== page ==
DECATUR — Attorney general candidate and former governor Pat Quinn, known for elaborate public messages over the decades to draw attention to Illinois political issues, on Monday made a campaign stop in Decatur to bang the drum on a familiar Quinn topic: keeping utility companies in check.
In the pouring rain outside Decatur's Ameren Illinois offices, the Democrat called for big utility companies to reimburse customers based on smaller federal tax bills for corporations that arose in Washington in December.
"Ameren and other big utilities owe it to their ratepayers to return the windfall they got from Donald Trump's corporate tax breaks," said Quinn, who lost re-election to GOP Gov. Bruce Rauner in 2014.
Tucker Kennedy, a spokesman for Ameren Illinois, said the company approached the Illinois Commerce Commission about passing on savings from the tax cut to customers as quickly as possible.
"We're passing the entirety of the (corporate tax rate cuts) back to our customers starting March," Kennedy said.
Quinn is facing a crowded field of seven candidates in the Democratic primary race to become the chief legal officer in the state. Election Day for all primary races in Illinois is March 20, and early voting has already started.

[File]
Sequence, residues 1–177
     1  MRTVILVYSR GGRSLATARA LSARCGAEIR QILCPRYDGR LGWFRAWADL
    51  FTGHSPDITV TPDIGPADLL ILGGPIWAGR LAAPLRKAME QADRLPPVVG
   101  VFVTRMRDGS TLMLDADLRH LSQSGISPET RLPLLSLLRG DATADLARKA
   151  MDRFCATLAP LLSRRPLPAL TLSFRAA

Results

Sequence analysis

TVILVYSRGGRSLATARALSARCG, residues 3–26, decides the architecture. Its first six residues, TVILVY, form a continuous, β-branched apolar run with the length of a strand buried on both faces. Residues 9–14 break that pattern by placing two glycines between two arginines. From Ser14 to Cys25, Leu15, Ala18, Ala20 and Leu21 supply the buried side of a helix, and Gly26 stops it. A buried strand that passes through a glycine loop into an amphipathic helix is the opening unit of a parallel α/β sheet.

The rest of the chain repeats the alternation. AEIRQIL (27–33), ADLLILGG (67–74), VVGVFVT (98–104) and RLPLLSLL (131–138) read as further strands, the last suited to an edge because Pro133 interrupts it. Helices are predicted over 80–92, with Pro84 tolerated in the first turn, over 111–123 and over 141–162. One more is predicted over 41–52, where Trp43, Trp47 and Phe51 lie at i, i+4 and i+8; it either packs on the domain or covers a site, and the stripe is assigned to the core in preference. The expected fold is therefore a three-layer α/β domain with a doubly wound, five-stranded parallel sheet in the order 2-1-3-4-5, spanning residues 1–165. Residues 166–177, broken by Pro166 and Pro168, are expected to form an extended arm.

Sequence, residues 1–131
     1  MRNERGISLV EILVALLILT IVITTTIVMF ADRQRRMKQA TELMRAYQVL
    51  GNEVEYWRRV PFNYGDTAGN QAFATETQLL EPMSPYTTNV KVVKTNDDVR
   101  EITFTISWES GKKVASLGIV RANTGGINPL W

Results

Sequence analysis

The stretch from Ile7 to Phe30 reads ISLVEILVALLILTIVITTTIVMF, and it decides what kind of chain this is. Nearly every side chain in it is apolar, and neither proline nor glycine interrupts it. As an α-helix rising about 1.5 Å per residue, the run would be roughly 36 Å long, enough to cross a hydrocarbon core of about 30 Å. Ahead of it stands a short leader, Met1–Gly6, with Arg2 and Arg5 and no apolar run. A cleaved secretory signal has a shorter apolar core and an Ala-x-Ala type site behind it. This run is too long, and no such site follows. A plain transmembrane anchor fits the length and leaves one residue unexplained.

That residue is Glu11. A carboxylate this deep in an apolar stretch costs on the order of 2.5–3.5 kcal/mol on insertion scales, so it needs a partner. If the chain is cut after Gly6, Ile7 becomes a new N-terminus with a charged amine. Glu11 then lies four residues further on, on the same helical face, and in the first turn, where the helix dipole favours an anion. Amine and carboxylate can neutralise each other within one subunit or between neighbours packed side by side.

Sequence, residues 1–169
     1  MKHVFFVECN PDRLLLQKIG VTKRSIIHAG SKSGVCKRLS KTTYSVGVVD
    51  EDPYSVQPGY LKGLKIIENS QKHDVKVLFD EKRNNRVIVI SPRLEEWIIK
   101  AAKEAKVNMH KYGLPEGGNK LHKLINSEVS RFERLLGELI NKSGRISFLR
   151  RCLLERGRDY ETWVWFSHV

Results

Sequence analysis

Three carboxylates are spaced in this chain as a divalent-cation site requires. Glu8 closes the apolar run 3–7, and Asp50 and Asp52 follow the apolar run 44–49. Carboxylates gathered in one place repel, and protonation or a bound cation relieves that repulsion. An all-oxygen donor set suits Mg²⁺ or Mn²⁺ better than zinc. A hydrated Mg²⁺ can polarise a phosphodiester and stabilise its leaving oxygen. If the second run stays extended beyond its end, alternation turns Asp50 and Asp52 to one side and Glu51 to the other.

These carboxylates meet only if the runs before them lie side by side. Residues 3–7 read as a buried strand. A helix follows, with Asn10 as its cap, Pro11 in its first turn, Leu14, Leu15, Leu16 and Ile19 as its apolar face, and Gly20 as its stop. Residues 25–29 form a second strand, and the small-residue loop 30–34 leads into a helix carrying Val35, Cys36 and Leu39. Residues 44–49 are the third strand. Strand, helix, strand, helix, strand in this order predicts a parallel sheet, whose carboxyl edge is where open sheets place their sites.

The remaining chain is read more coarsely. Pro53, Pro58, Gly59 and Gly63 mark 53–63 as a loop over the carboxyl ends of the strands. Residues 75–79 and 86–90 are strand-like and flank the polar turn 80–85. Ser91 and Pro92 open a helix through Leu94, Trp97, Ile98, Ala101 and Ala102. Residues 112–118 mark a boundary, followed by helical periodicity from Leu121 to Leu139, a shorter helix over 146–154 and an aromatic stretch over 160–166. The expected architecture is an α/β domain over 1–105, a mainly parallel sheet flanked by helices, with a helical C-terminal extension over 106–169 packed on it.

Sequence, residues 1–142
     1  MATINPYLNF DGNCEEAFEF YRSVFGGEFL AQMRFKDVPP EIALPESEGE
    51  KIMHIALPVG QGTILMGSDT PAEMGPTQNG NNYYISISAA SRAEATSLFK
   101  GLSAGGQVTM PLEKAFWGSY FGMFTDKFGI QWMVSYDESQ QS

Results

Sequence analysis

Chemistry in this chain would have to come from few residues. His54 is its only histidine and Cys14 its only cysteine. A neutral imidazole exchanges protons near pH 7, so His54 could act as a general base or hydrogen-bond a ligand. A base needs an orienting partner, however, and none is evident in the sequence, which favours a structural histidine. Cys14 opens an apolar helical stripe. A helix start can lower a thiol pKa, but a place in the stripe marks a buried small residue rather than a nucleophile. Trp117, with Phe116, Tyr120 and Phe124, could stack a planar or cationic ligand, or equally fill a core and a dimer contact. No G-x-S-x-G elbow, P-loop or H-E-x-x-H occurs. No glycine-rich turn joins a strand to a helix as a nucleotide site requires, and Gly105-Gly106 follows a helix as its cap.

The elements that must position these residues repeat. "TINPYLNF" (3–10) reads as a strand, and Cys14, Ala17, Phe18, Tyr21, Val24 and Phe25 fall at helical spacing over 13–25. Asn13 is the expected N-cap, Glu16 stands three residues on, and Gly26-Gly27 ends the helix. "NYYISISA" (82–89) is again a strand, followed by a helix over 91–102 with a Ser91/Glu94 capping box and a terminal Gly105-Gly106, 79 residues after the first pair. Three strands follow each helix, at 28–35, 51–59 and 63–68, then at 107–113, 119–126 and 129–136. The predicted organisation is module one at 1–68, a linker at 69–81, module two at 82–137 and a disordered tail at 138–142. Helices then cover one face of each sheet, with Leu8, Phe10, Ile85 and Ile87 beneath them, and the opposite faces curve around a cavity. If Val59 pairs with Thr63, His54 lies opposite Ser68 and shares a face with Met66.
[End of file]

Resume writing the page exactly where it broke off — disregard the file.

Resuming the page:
Republicans in Congress and President Donald Trump slashed corporate tax rates from 35 percent to 21 percent in December, effective this year.
In January the company said it filed a petition with the Illinois Commerce Commission to pass savings to customers as a result of the new corporate tax rate. Kennedy said that filling was approved Feb. 6.
Ameren Illinois electric customers will save an average of $2.50 to $3.00 per month in 2018.
Quinn pushed his credentials on Monday as an activist for utility consumers, going back to 1984, when he helped form the Citizen Utility Board.
Quinn is running against Scott Drury, Sharon Fairly, Aaron Goldstein, Renato Mariotti, Kwame Raoul, Nancy Rotering and Jesse Ruiz in the primary. The GOP candidates are Gary Grasso and Erika Harold.
"There's 29 days to go until the election, 58 if you don't sleep, so I'm not planning to sleep," Quinn said.
In his decades of involvement in state politics, Quinn has served as governor, state treasurer and lieutenant governor. If he was successfully elected to attorney general, Quinn would have served in four out six state constitutional offices.
"The attorney general to me should not be political, you should always be on the sides of taxpayers and consumers, and call them as you them," Quinn said.
Incumbent Lisa Madigan, a Democrat, is not running for a fifth term.